The pathophysiological functions and the underlying molecular basis of PE /PPE proteins of M. tuberculosis remain largely unknown. In this study, we focused on the link between PPE26 and host response. We demonstrated that PPE26 can induce extensive inflammatory responses in macrophages through triggering the cross-talk of multiple pathways involved in the host response, as revealed by iTRAQ-based subcellular quantitative proteomics. We observed that PPE26 is able to specifically bind to TLR2 leading to the subsequent activation of MAPKs and NF-κB signaling. PPE26 functionally stimulates macrophage activation by augmenting pro-inflammatory cytokine production (TNF-α, IL-6 and IL-12 p40) and the expression of cell surface markers (CD80, CD86, MHC class I and II). We observed that PPE26-treated macrophages effectively polarizes naïve CD4(+) T cells to up-regulate CXCR3 expression, and to secrete IFN-γ and IL-2, indicating PPE26 contributes to the Th1 polarization during the immune response. Importantly, rBCG::PPE26 induces stronger antigen-specific TNF-α and IFN-γ activity, and higher levels of the Th1 cytokines TNF-α and IFN-γ comparable to BCG. Moreover, PPE26 effectively induces the reciprocal expansion of effector/memory CD4(+)/CD8(+) CD44(high)CD62L(low) T cells in the spleens of mice immunized with this strain. These results suggest that PPE26 may be a TLR2 agonist that stimulates innate immunity and adaptive immunity, indicating that PPE26 is a potential antigen for the rational design of an efficient vaccine against M. tuberculosis.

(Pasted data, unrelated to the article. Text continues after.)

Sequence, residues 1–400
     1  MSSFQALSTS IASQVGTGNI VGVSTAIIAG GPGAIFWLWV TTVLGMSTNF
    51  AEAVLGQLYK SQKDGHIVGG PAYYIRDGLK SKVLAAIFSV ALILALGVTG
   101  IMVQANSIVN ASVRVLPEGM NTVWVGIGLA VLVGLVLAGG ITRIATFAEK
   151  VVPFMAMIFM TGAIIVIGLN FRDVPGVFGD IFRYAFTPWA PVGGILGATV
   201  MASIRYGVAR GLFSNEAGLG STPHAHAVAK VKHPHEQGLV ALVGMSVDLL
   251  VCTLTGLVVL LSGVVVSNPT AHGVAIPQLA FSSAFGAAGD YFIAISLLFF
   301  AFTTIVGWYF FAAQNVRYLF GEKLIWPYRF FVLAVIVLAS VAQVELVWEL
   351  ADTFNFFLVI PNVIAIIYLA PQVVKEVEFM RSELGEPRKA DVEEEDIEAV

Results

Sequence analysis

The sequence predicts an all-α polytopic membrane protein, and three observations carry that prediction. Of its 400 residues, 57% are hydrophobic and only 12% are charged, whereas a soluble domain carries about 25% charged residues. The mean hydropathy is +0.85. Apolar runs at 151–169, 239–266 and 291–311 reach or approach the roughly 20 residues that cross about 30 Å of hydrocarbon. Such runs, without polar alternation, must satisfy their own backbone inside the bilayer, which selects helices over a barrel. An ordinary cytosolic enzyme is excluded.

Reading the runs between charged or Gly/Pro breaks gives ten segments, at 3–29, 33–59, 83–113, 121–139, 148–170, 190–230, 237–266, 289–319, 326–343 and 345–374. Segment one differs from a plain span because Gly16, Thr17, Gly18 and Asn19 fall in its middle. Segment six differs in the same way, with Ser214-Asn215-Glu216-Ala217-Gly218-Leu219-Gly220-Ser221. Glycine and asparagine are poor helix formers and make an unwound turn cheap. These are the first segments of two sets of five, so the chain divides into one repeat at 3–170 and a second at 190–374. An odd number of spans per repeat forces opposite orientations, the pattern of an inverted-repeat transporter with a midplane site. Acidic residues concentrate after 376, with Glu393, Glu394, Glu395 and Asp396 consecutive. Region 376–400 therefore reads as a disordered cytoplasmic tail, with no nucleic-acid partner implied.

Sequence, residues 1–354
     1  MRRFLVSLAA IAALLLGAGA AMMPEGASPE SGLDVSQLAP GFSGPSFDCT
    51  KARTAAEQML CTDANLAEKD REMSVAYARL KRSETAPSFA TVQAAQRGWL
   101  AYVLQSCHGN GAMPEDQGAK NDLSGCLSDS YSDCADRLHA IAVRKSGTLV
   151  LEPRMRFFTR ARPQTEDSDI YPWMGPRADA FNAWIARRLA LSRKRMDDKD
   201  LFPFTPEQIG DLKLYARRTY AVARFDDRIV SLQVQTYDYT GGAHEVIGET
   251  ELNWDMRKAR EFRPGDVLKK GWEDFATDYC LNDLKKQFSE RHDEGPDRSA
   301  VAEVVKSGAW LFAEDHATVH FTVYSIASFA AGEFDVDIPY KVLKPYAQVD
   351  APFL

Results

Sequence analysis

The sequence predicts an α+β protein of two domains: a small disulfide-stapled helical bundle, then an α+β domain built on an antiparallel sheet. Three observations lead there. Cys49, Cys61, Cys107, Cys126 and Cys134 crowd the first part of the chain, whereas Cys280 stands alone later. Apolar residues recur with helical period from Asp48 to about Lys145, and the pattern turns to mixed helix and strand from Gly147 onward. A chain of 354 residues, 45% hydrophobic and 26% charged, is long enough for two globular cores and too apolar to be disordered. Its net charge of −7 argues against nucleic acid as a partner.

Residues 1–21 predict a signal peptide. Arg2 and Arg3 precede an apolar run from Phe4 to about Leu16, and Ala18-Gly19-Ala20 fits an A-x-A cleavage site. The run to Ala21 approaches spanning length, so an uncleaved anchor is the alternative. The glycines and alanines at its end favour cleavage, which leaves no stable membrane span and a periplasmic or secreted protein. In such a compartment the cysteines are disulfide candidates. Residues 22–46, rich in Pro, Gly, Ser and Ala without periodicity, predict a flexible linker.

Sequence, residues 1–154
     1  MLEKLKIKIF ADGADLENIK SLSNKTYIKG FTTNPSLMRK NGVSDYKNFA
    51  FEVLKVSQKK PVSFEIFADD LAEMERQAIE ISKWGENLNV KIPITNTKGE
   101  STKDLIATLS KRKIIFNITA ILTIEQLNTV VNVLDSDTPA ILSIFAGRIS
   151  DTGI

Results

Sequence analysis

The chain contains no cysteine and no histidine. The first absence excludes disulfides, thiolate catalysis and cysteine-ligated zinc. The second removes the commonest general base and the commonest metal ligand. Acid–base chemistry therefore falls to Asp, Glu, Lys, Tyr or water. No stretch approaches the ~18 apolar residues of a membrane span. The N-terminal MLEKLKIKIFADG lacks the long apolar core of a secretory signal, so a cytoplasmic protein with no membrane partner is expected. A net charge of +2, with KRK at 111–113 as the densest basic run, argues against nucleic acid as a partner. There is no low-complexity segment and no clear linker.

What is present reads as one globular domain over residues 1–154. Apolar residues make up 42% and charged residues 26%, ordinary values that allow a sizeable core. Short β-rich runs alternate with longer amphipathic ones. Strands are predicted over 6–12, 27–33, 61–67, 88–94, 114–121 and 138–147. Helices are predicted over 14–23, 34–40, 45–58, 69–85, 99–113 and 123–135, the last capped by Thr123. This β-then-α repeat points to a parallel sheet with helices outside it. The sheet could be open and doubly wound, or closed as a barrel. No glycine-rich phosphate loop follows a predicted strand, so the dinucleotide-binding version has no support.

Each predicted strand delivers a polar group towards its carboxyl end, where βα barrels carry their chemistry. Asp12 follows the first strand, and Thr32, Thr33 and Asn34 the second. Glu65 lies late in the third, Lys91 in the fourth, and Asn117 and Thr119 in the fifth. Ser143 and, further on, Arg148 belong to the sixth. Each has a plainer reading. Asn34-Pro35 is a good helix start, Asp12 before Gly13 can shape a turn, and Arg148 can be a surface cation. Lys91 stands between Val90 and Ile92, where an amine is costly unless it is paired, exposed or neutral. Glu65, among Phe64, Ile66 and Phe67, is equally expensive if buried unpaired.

Keywords: Immune response; Immunity; Immunology and Microbiology Section; PE/PPE; PPE26; TLR2; mycobacterium tuberculosis; proteomics.